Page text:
The Inspiration of St. Vincent de Paul

Vincent de Paul, born in France in 1581, found his way serving the poor, seeking to alleviate their moral and material misery. He worked to mobilize the rich on behalf of foundlings and the elderly. He visited convicts, founded hospices, raised funds for hospitals, etc. Vincent died in 1660 but his works and fame survived him. He was beatified in 1729 and canonized in 1737. He is the patron saint of charitable works.

In the 17th century, the man people called Mr. Vincent

founded the Ladies of Charity (Dames de Charité), a charitable organization comprised of wealthy ladies who helped the poor. Two hundred years later, Emilie Gamelin belonged to an organization of the same name in Montreal.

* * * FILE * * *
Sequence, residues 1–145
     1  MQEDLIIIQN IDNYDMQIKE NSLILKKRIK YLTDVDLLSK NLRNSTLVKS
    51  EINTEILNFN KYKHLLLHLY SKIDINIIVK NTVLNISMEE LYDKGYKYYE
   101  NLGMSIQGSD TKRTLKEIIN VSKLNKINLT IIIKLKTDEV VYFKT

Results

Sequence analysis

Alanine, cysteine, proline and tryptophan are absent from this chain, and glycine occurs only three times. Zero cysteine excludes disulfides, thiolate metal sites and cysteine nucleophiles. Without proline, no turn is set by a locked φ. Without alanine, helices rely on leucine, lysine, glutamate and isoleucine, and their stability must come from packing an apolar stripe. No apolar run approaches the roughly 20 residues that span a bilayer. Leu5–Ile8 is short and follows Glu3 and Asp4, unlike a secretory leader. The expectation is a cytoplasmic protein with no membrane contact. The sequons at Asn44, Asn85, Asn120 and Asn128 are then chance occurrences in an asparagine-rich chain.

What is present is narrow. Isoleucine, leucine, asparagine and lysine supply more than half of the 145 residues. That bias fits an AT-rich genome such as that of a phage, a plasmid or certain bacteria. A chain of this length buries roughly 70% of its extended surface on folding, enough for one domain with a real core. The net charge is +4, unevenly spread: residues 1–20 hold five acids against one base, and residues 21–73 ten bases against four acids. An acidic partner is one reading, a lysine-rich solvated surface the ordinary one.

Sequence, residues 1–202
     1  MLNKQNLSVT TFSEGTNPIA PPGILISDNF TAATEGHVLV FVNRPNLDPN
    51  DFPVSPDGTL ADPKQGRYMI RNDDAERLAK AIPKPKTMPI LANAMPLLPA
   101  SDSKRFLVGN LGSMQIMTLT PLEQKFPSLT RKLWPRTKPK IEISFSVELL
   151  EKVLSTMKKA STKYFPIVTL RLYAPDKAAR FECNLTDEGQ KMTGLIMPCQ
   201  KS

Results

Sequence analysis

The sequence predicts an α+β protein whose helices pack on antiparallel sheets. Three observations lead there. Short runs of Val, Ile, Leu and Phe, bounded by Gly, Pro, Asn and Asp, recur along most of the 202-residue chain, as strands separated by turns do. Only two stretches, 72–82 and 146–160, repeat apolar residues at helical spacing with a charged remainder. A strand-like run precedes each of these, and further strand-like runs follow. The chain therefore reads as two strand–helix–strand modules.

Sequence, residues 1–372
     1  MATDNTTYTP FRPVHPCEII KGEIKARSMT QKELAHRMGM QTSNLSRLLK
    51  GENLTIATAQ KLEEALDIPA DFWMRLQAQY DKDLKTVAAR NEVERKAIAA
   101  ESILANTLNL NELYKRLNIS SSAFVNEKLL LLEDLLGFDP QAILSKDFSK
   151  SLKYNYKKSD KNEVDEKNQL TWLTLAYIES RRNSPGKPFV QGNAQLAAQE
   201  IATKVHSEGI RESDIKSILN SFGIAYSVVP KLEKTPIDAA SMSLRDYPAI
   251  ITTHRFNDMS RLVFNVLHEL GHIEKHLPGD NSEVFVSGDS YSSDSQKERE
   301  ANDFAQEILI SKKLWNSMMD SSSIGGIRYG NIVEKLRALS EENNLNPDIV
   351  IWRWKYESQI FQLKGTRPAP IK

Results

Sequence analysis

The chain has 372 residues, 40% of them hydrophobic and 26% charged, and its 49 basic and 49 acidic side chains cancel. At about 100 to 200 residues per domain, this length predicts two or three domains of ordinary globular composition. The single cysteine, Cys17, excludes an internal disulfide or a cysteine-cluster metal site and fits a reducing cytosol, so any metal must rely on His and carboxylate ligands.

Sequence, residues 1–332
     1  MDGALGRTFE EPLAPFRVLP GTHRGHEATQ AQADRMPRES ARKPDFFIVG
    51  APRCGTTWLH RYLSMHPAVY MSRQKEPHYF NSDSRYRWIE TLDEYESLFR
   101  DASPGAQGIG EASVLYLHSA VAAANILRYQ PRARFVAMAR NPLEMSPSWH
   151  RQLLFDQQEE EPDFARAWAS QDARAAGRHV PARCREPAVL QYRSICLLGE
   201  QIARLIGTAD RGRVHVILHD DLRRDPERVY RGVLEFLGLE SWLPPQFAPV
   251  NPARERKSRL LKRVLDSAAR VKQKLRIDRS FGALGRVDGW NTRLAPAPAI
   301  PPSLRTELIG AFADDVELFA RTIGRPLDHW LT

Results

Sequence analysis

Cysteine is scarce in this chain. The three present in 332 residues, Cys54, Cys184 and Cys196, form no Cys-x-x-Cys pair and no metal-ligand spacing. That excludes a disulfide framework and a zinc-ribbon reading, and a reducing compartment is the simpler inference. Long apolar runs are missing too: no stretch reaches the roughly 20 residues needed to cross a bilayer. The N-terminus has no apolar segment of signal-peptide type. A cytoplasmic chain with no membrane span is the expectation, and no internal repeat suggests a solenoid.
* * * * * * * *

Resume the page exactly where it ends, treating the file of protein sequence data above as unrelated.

Vincent de Paul also founded the Daughters of Charity in 1633

This community cared for the sick and for the bodily and spiritual needs of the poor. These sisters were the first religious that went out of a monastery to work where they were needed. In 1843, at the request of Bishop Bourget, Emilie Gamelin traveled to the United States to obtain the Rules of the Congregation of the Daughters of Charity of St. Vincent de Paul. It was based on these Rules that the Constitutions of the Daughters of Charity, Servants of the Poor (first name of the Sisters of Providence) were written. Although some two hundred years separated the life of the Saint from that of Emilie Gamelin, the needs of the poor were still acute.

Centuries have gone by,

but unfortunately we still have many people in need, people who are poor, sick, imprisoned, suffering, the disregarded, and voiceless. This is why we, the Sisters of Providence, continue our Mission, reaching out to people wherever we can help alleviate misery.